Choeroniscus minor (Peters, 1868)

Velazco, Paúl M., Voss, Robert S., Fleck, David W. & Simmons, Nancy B., 2021, Mammalian Diversity And Matses Ethnomammalogy In Amazonian Peru Part 4: Bats, Bulletin of the American Museum of Natural History 2021 (451), pp. 1-201 : 42-43

publication ID

https://doi.org/ 10.1206/0003-0090.451.1.1

persistent identifier

https://treatment.plazi.org/id/BD5D87A2-5636-FF82-D181-FA77FBA76443

treatment provided by

Felipe

scientific name

Choeroniscus minor (Peters, 1868)
status

 

Choeroniscus minor (Peters, 1868)

Figure 10B View FIG

VOUCHER MATERIAL (TOTAL = 9): Jenaro Herrera (MUSM 862, 5586), Nuevo San Juan (AMNH 273066, 273106; MUSM 13195, 15171– 15173), Quebrada Lobo (MUSA 15127); see table 21 for measurements.

UNVOUCHERED OBSERVATIONS: None.

IDENTIFICATION: Before the revision by Simmons and Voss (1998), specimens of Choeroniscus minor were referred to several species ( C. inca , C. minor , and C. intermedius ) that were diagnosed primarily by the length of the rostrum (Koopman, 1978). After reviewing specimens (including holotypes) throughout the distribution of these nominal taxa, Simmons and Voss (1998) concluded that they represent a single species for which C. minor (Peters, 1868) is the oldest available name. Choeroniscus minor is distinguished from other congeners by the following combination of characteristics: rostrum shorter than braincase, posterolateral margin of palate unnotched, pterygoids moderately inflated, forearm ≤ 38 mm, greatest length of skull> 21 mm, and maxillary toothrow>7.5 mm (Simmons and Voss, 1998; Griffiths and Gardner, 2008a; Solmsen and Schliemann, 2008). This species exhibits marked sexual size dimorphism, with females being larger than males (Husson, 1962; Brosset and Charles-Dominique, 1990; Simmons and Voss, 1998; Solmsen, 1998; Solmsen and Schliemann, 2008). Additional descriptions and measurements of C. minor have been provided by Goodwin and Greenhall (1961), Husson (1962), Swanepoel and Genoways (1979), Brosset and Charles-Dominique (1990), Lim et al. (2005), and Solmsen and Schliemann (2008). No subspecies are currently recognized (Simmons and Voss, 1998; Griffiths and Gardner, 2008a; Solmsen and Schliemann, 2008).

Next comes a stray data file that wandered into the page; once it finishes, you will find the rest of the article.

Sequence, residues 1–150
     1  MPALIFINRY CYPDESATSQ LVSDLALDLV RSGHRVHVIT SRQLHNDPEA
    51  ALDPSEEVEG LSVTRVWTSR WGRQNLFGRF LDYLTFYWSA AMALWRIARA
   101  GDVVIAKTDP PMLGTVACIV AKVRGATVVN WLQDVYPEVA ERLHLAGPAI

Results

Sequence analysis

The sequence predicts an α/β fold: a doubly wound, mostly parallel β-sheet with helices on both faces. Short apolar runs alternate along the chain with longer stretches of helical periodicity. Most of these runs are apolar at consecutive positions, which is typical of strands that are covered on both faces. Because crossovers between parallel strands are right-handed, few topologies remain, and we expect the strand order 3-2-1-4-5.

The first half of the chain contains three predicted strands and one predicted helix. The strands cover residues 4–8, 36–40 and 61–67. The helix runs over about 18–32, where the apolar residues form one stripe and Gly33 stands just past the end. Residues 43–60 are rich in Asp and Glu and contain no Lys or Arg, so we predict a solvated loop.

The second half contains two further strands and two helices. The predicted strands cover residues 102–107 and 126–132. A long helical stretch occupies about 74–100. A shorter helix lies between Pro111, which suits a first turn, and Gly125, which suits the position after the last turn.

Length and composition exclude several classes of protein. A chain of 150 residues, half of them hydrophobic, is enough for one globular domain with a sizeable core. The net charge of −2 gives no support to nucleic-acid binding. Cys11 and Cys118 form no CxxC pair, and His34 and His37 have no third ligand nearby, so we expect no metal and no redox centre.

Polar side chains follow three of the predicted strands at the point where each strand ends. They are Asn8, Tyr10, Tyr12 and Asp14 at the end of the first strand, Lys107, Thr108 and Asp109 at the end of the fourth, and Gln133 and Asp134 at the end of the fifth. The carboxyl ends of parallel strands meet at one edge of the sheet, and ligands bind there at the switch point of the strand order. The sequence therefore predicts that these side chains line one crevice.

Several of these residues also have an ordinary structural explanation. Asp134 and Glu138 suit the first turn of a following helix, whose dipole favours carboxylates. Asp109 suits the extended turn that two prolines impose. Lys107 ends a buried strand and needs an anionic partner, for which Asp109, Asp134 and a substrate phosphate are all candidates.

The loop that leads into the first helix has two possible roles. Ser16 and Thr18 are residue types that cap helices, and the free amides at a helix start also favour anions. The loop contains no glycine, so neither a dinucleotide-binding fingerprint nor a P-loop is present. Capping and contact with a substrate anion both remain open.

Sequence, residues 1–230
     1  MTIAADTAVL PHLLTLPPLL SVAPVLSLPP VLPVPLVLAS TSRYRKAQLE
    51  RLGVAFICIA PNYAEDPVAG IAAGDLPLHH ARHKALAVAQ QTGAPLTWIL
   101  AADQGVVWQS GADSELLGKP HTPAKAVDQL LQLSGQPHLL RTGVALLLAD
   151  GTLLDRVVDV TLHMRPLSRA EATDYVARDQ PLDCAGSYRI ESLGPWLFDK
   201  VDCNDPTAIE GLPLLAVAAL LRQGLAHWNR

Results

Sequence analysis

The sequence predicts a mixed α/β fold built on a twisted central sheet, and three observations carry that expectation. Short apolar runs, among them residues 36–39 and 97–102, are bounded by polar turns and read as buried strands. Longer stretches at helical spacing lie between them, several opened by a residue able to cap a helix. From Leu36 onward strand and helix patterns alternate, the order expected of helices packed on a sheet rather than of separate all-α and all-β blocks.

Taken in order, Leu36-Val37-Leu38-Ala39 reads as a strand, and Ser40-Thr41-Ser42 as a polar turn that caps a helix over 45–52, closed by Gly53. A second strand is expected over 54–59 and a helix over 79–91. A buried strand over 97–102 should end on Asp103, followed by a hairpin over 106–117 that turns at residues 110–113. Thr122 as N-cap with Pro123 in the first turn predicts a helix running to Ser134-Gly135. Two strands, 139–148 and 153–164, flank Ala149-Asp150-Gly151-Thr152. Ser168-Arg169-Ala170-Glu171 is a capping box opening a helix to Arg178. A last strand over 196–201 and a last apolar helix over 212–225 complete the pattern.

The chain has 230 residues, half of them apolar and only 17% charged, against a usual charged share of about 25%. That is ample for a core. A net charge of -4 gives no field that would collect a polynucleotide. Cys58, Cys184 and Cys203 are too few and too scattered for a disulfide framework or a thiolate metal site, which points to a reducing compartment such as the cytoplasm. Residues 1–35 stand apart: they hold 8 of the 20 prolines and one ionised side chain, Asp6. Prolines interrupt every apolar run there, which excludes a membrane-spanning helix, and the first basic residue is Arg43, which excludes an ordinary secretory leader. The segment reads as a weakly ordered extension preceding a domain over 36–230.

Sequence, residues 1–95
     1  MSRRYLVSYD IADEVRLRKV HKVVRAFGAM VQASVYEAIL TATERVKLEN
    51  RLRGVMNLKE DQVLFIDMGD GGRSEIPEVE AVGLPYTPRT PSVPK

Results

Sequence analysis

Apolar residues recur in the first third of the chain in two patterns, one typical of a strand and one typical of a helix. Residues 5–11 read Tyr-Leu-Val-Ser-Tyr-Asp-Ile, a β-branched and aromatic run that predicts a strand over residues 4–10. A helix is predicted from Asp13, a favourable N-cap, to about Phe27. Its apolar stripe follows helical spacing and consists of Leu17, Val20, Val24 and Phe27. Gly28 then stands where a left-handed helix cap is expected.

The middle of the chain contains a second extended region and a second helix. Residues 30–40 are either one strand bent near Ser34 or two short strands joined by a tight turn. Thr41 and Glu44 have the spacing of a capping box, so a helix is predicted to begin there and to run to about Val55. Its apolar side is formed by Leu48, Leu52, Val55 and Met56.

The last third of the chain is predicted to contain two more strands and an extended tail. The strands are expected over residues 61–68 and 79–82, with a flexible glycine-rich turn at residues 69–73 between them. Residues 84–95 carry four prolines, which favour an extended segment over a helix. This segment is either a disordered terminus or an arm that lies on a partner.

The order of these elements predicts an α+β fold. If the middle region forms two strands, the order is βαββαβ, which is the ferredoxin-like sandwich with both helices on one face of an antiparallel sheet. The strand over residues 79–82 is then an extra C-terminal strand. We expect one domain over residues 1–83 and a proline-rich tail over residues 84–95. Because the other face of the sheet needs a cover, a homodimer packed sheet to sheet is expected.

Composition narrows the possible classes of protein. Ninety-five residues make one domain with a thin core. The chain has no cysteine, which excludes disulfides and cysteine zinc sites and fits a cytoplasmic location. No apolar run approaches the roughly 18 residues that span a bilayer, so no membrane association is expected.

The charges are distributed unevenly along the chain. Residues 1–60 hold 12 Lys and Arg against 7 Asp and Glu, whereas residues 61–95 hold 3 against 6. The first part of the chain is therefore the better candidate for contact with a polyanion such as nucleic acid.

The Jenaro Herrera specimens were originally identified as Choeroniscus intermedius by Ascorra et al. (1993), but Fleck et al. (2002) and Medina et al. (2015) correctly identified their specimens from Nuevo San Juan and Quebrada Lobo, respectively, as C. minor . The voucher material we examined from the Yavarí-Ucayali interfluve conforms to previous descriptions of C. minor , with measurements that fall within the range of size variation now documented for the species. However, it is noteworthy that one specimen (MUSM 15172) possesses an extra pair of lower molars. 5

REMARKS: The only specimens of Choeroniscus minor accompanied by ecological data from our region were collected at two roosts near Nuevo San Juan. The first, encountered on 8 September 1999, consisted of two adult females under the buttresses of a fallen tree in secondary growth at the edge of a Matses swidden. The second roost, encountered on 20 September 1999, consisted of two adult males and one adult female perched on the underside of an unmodified frond of the stemless palm Attalea racemosa , about 1 m above the ground, in primary hilltop forest.

Our discovery of Choeroniscus minor roosting in foliage represents atypical behavior; all previously described roosts of this species have been

5 Supernumerary teeth usually occur unilaterally in glossophagines, but supernumerary teeth are known to occur bilaterally in numerous other bat taxa, especially nectarivorous and frugivorous species (Slaughter, 1970; Phillips, 1971; Bergmans and Van Bree, 1972; Bergmans, 1976; Giannini and Simmons, 2007).

found under fallen trees or inside hollow logs (Sanborn, 1954; Patterson, 1992; Simmons and Voss, 1998; Rengifo et al., 2013).